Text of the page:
Fundamentals of Computer Science I: Media Computing (CS151.02 2007F)

Pixel Maps: A Technique for Storing Images in Files


Summary: We consider ways to store a representation of an image in a file. In particular, we consider how to store an image by writing each pixel, in turn, to the a file, and how to restore such an image from a file. Along the way, we revisit the issue of how to represent certain kinds of values.

Introduction

For much of this semester, we've been looking at how one creates or modifies existing images. But what happens after an image is created? Typically, people save their images to disk to look at them later, to update them later, or to share them with others. Right now, we treat saving and loading images as primitive operations. You load an image with image.load. You save an image using the Save menu item in The GIMP. (Why did we not provide a procedure for saving images? Because there are too many possible variants to that procedure.)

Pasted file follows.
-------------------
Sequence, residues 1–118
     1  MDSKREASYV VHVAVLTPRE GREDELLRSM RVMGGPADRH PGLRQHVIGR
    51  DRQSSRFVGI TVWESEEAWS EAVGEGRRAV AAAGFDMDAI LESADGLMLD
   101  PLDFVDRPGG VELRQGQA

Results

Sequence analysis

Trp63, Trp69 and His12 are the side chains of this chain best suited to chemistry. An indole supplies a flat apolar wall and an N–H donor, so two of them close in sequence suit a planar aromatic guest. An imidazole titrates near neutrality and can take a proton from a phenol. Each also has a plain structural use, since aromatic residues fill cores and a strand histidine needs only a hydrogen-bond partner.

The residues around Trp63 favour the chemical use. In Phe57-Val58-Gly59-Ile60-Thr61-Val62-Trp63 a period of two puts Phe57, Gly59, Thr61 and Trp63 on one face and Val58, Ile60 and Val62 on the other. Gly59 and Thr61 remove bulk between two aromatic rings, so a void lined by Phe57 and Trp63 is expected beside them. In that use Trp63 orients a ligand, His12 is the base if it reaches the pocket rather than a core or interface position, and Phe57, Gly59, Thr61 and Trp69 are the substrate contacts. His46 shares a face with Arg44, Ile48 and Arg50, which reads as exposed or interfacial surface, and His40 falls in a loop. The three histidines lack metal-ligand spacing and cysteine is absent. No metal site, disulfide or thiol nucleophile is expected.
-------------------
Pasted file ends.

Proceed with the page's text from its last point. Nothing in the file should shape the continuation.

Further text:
However, now that you know how to write files, you can also write procedures that save and restore images. Doing so requires that you think about how to store colors and how to map the pixels in an image into colors (yes, there is an obvious answer), and that you can restore images from whatever form you've chosen.

Writing and Reading Colors

Let's start with the core operation necessary for writing images: writing and reading individual colors. Writing a color should be fairly straightforward: We just use the write procedure to write the color value. We could then use the read function to restore the color. Let's try that.

> (define out (open-output-file "colors.txt"))
> (write color.blue out)
> (close-output-port out)

What's in that file? We can look by opening it in DrFu, by opening it in a text editor, or with some of the simple input functions, such as read.

65535